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This Blog is Rated PG for Parental Guidance
by JAK’s guest mom, Nicole Hunt, of Racine

You may be surprised to know that, in part, we have Steven Spielberg to thank for the existence of the PG-13 rating.  In the early 80’s the films Indiana Jones and the Temple of Doom, Poltergeist and Gremlins all received a PG rating.  I know that Poltergeist is not appropriate for my 8 year old; in fact it would freak her out.  So as a result of how violent these films were people started asking for a rating between PG and R; shortly after PG-13 was born.

This brings up a very interesting question.  How do we know what is okay for our kids to see?  I am in no way a “you must be 13 to see PG-13 movies” type of parent.  In fact, as a kid I always thought that was kind of a weird rule.  I am also not a liberal as some of my friends who are watching the rated “R” Matrix with their 2 and 6 year old.  I am not judging parents on either side of this spectrum.  I have cousins who were watching the Chucky movies at age 3 and neither one, to this point, have turned into violent killers.  I am, however, a big movie buff who is counting down the day when I can share great films like a Clockwork Orange and Apocalypse Now with my kids.  That being said, my husband and I spend a lot of time discussing what our kids are and are not ready for.

This has become increasingly challenging with our youngest.  It seemed like my oldest was watching Nick Jr. until she was at least 8, but my youngest, promptly at 6, sent all her Dora stuff packing.  Part of this has to do; I am sure, with the fact that she is copying her older sister.  I couldn’t believe it when she quickly became obsessed with Hannah Montana and Justin Bieber in the 1st grade.

 Eris and Trillian with Woody lego

I also think we are partly to blame.  I find we are always looking for things to watch as a family that is appealing to everyone.  This means less Nick Jr. and more Discovery Channel.  We went through a long run of nature documentaries, and now I feel like the only things we watch are Myth Busters and Pixar movies.

What makes it more difficult is that the 8 year olds’ favorite things now are Anime and Super Heroes, and we are quickly running out of things appropriate for her age.  You would think super heroes would provide a plethora of viewing options, but we have found they are getting more violent with each film.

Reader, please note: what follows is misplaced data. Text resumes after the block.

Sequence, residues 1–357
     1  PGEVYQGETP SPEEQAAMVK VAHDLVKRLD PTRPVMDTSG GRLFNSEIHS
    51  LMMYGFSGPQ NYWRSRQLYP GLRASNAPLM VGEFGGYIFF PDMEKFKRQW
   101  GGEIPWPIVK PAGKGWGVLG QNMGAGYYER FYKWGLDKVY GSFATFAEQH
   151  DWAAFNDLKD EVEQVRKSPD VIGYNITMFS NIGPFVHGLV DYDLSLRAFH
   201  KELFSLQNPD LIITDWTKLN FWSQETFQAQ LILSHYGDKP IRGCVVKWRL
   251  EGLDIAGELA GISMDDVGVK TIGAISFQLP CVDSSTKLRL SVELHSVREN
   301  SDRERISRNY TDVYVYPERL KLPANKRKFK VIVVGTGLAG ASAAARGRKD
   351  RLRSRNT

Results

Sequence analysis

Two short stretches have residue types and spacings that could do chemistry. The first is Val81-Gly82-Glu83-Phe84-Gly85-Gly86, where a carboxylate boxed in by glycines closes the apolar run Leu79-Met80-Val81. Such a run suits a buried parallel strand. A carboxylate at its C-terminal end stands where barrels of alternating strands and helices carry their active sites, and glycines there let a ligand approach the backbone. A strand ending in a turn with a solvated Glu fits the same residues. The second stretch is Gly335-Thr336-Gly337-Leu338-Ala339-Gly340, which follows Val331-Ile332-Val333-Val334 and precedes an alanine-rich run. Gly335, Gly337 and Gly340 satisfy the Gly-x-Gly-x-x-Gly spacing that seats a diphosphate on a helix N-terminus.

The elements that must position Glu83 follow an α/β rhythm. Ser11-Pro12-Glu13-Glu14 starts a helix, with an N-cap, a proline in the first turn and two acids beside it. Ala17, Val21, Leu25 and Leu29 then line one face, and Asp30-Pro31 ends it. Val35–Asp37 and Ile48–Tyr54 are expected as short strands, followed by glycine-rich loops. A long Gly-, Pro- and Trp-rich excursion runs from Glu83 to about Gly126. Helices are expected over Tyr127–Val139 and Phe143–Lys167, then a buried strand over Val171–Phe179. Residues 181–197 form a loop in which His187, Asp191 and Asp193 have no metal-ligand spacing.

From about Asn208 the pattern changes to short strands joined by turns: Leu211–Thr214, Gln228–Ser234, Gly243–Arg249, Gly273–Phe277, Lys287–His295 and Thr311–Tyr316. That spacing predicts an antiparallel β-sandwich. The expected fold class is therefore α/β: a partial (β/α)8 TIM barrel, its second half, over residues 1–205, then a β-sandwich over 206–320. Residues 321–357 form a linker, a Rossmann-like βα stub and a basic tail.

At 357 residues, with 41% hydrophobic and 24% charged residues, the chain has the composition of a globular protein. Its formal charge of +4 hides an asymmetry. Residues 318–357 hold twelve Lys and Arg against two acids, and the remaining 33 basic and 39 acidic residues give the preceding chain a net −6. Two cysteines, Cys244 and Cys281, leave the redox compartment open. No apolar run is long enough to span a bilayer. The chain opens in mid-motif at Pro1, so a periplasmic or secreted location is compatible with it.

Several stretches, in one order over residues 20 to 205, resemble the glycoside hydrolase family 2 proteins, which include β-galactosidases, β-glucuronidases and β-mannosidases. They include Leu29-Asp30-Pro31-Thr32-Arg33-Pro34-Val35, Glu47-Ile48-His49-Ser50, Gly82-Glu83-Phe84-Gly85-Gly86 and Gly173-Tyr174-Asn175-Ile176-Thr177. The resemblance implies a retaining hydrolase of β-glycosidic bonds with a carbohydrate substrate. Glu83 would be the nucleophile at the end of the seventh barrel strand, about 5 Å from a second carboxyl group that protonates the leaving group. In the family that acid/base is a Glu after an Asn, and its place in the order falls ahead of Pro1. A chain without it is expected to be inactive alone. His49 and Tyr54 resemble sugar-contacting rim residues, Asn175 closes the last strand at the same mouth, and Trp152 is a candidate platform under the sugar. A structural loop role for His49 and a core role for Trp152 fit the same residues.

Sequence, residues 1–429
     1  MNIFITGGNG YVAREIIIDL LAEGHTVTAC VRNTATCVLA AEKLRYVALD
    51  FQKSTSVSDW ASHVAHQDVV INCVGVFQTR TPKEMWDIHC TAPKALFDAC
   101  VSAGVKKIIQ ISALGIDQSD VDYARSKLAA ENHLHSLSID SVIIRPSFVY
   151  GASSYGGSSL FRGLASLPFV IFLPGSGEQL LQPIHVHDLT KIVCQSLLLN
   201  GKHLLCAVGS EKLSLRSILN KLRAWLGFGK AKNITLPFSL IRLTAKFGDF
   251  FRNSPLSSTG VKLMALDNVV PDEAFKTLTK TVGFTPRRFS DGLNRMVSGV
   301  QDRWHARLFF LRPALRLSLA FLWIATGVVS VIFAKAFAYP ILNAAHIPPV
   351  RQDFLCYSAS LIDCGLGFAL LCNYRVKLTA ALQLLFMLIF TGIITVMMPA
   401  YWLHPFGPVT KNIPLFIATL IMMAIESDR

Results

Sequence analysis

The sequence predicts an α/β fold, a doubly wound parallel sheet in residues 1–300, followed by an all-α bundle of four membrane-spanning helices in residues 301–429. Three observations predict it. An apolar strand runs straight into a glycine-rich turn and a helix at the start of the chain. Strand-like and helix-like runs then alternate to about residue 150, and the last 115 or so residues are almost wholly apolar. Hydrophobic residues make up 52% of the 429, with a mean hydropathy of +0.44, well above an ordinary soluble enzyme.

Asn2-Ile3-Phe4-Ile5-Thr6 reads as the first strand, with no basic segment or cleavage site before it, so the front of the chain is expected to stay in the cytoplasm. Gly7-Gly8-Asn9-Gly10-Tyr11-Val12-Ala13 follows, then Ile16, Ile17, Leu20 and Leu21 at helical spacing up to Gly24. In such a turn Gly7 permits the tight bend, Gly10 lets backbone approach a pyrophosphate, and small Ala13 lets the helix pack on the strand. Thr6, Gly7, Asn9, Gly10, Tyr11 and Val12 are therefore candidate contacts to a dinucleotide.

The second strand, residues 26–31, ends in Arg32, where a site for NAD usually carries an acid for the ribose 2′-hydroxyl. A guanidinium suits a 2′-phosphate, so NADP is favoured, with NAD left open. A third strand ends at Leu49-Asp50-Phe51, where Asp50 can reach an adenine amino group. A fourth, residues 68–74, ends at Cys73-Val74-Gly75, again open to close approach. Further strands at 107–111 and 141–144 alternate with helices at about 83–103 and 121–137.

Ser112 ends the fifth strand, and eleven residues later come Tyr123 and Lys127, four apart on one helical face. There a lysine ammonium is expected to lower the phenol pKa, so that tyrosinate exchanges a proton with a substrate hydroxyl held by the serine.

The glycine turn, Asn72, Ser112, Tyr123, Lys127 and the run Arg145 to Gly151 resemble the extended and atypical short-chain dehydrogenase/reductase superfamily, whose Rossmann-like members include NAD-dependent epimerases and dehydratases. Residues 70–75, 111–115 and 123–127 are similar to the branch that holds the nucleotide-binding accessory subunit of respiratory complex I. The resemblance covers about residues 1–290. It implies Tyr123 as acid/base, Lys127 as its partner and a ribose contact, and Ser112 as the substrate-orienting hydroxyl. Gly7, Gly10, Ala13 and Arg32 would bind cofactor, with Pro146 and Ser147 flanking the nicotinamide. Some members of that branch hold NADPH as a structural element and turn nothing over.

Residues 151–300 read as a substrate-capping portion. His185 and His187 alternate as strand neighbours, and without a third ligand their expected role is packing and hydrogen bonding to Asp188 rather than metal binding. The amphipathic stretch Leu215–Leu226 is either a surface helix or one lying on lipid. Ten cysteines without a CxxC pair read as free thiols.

Trillian dressed as Sailor MoonMy husband has been a big fan of the series of straight to video, animated movies being released by D.C. including a great Wonder Woman movie.  I have to say the feminist in me was super happy when Wonder Women became my daughter’s new favorite hero.  They are all rated PG-13 and on a whole we have found them acceptable for our youngest, but we recently were shocked by newest one, Flashpoint, focused on an alternate universe where the Flash isn’t the Flash (I am embarrassed I know this much about the plot).  The movie ends with a shot of a bullet wound through someone’s brain.  We both agreed we would rate this film an R and it was not appropriate for our 3rd grader.  Of course I can hear the parents yelling at me through the computer that it was rated as PG-13 or “Parents Strongly Cautioned-Some Material May be Inappropriate for Children under 13”.

So what is a parent to do? Do we break down the ratings system even more?  Since the implementation of the V-Chip in 1999, TV has added ratings for shows by each individual age.   One answer is the websites that give you a synopsis of every questionable section of a film so you can read up before deciding.   Two I can suggest are:  http://www.commonsensemedia.org and http://www.kids-in-mind.com.  Commonsense Media gives you ratings and reviews on everything from language, sexual content and violence with review from parents, the general public and kids.  I like it because you can get feedback from a variety of perspectives and you are sure to find some that match your opinion.  Kids in Mind gives you a point by point description of anything questionable in the film which allows you see if there is anything you are not comfortable with.  We recently used this for the film “Warm Bodies,” the zombie romance.  After reading about the one zombie ripping his face off on camera, we thought it might be a bit much for our youngest daughter.

My other and more important suggestion is to sit with your kids when they might watch something questionable and talk to them about it.  We do this with the 13 year old to the point that she didn’t think 28 Days Later was even scary because we spent the entire movie talking to her about break down of societal norms instead of the cool zombies.  She rolled her eyes at us when we gave her a twenty minute speech about how Kill Bill would be the most violent movie she has ever seen and how violence is really bad in reality but in some movies its awesome.  To quote Cher in the classic film Clueless:  “Until mankind is peaceful enough not to have violence on the news, there’s no point in taking it out of shows that need it for entertainment value.”

My final word is to wish all parent’s good luck regardless of what you decide is okay and remember it is only entertainment.

Eris and Trillian dressed up as Disney Princesses

Nicole Hunt works full time as the Employment Specialist at Human Capital Development Corp./First Choice Pre-Apprenticeship.  She lives in Racine with her husband and two daughters, ages 13 and 8.  In her free time she volunteers with her daughters’ Girl Scout Troop, The International Parents’ Travel Club to fundraise for youth international travel through McKinley Middle School, and the LGBT Center of Southeastern Wisconsin.

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